Galaxy cluster outskirts mark the transition region from the mildly non-linear cosmic web to the highly non-linear, virialised, cluster interior. It is in this transition region that the intra-cluster medium (ICM) begins to influence the properties of accreting galaxies and groups, as ram pressure impacts a galaxy's cold gas content and subsequent star formation rate. Conversely, the thermodynamical properties of the ICM in this transition region should also feel the influence of accreting substructure (i.e. galaxies and groups), whose passage can drive shocks. In this paper, we use a suite of cosmological hydrodynamical zoom simulations of a single galaxy cluster, drawn from the nIFTy comparison project, to study how the dynamics of substructure accreted from the cosmic web influences the thermodynamical properties of the ICM in the cluster's outskirts. We demonstrate how features evident in radial profiles of the ICM (e.g. gas density and temperature) can be linked to strong shocks, transient and short-lived in nature, driven by the passage of substructure. The range of astrophysical codes and galaxy formation models in our comparison are broadly consistent in their predictions (e.g. agreeing when and where shocks occur, but differing in how strong shocks will be); this is as we would expect of a process driven by large-scale gravitational dynamics and strong, inefficiently radiating, shocks. This suggests that mapping such shock structures in the ICM in a cluster's outskirts (via e.g. radio synchrotron emission) could provide a complementary measure of its recent merger and accretion history.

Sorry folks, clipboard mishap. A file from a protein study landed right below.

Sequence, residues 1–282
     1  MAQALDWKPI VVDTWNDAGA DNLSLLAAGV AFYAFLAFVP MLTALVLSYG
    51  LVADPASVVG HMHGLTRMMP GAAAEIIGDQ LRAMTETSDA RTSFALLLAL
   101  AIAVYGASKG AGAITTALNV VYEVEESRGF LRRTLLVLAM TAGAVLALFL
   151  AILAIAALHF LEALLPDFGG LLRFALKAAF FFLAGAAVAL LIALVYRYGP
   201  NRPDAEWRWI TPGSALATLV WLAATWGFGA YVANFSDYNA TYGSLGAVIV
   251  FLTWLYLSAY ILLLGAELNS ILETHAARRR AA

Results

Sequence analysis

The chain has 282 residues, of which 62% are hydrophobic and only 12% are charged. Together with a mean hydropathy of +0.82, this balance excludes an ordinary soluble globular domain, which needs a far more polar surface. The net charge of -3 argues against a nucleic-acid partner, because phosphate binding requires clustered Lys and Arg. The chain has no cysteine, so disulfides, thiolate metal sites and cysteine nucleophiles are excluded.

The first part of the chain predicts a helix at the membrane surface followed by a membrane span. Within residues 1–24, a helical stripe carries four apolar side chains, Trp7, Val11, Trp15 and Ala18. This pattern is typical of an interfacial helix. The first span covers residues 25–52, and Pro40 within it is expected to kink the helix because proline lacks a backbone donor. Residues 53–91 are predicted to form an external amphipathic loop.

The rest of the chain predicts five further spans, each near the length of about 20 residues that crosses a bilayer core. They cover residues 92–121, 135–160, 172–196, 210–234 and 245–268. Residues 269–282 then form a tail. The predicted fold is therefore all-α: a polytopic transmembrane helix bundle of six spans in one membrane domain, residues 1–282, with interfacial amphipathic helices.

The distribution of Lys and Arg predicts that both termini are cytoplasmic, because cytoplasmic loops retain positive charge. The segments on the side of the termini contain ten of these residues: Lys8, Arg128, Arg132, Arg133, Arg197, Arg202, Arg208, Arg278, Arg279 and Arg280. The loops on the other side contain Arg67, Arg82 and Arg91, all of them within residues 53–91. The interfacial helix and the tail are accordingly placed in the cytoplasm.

|Number of pages||14|
|Journal||Monthly Notices of the Royal Astronomical Society|
|Early online date||14 Nov 2019|
|Publication status||Published - 1 Jan 2020|